A Look Back Over Our Primary Courses – Opening Doors to Culture

Opening Doors To Culture

 

A major challenge for our primary students is creating their ‘cultural project’ which they present to their fellow students and to their tutor as if to their class of children. As it accounts for a big chunk of the coursework mark, and involves a great deal of work, it’s not surprising that everyone is burning the midnight oil the night before they have to give their presentation.

At our primary course sessions last month in London, and this month in Liverpool, the whole universe crowded into our classrooms. Space was at a premium as each student laid out his or her timeline and populated it with fascinating objects, pictures and information. The way the timelines themselves were constructed was very varied, showing understanding on the part of the students of the need to combine practicality, sensorial appeal and above all, large scale. Various materials were creatively used: felt, rope, cord, aged paper. Not all were flat – one student invited her group to open doors to enter the world of each era.

All states of life were represented too, in the presentations. We enjoyed the company of Rico the lovebird, who chirped cheerfully the day he visited our classroom, to ground the group’s understanding of the role of birds in the story of life. A goldfish too made a visit, her environment an example of how plants can live in water where they first evolved. And we marvelled at the huge variety of fossils that accompanied the timelines, specially entranced by some tiny star-shaped creatures visible on the back of another fossil.

We were active too, making lanterns based on the Fibonacci sequence from willow and paper; Indus valley houses to form a settlement and clay toys; constructing geometric patterns with ruler and compass; making ink from blueberries; constructing a large tetrahedron out of bamboo skewers.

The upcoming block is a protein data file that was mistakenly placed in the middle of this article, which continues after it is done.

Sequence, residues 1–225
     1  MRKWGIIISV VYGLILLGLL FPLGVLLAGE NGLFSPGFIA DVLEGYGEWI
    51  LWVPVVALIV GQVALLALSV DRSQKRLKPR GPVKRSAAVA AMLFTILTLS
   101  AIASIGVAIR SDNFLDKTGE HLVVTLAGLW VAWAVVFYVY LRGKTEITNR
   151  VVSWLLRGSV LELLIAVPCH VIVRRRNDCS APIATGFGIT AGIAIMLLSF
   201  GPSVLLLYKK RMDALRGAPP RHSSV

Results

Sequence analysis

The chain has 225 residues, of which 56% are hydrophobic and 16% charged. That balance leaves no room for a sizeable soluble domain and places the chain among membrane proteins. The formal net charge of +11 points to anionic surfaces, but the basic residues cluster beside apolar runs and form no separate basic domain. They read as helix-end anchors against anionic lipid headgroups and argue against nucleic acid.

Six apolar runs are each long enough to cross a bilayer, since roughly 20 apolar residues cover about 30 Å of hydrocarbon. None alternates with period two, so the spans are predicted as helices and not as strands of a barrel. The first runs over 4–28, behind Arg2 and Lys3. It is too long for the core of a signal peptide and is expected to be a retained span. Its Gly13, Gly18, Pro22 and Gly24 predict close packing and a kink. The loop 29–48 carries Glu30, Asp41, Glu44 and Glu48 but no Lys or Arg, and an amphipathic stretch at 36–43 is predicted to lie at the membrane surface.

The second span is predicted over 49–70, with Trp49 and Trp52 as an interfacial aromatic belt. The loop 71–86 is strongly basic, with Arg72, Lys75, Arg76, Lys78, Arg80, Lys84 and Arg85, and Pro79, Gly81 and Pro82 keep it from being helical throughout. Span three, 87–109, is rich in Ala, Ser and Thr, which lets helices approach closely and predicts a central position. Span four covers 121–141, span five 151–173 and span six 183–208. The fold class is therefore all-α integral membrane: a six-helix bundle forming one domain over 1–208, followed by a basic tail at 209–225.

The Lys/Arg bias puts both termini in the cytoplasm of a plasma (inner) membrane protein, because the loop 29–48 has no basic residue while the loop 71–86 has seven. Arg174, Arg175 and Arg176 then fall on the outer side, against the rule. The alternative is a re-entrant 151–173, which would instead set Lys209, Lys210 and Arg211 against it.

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 1: Rico The Lovebird, 2: Indus Valley Clay Toy, 3: Making Ink from Blueberries, 4: Constructing a Giant Tetrahedron, 5: Rainbow Felt for Timelines, 6:Black Felt for the Night Sky, 7: Memory Foam Map, 8: Length & Sparkle, 9: Colour & Detail, 10: Classifying Fruit, 11: Sharing, Discussing & Learning

And while traditional materials, felt, paper, wood and clay were in abundance, acetate overlays deepened understanding of desert biomes by correlating natural factors which cause desertification and memory foam was used in a variety of ways.
 
Our visual sense was captivated by colour, sparkle, small detail and wonder. Our sense of touch was busy too – we could feel as well as see the Fibonacci spirals on the romanescu and the pine cone, and in feeling the pineapple’s rough exterior our new understanding of the multiple ovaries which had produced this fruit was consolidated. Our sense of hearing too was engaged, by the way the stories were told, by the video of a poet reading his poem aloud, and by the amazingly relaxing gong bath with which one student concluded her presentation.
 
Above all we had fun, joining in, collaborating, sharing, supporting and negotiating. These skills were all needed when we played a ‘Silk Road’ game, travelling along the Silk Road in the role of merchants, trading and bartering as we went. As we all participated in each student’s activities everyone learnt a great deal, on very many levels. Montessori said that we must ‘put the child in touch with the universe’, and the work our students have produced this year to fulfil the requirements of the cultural project assignment shows that they have the skills, ability and inspiration to undertake this great mission.

Helen Prochazka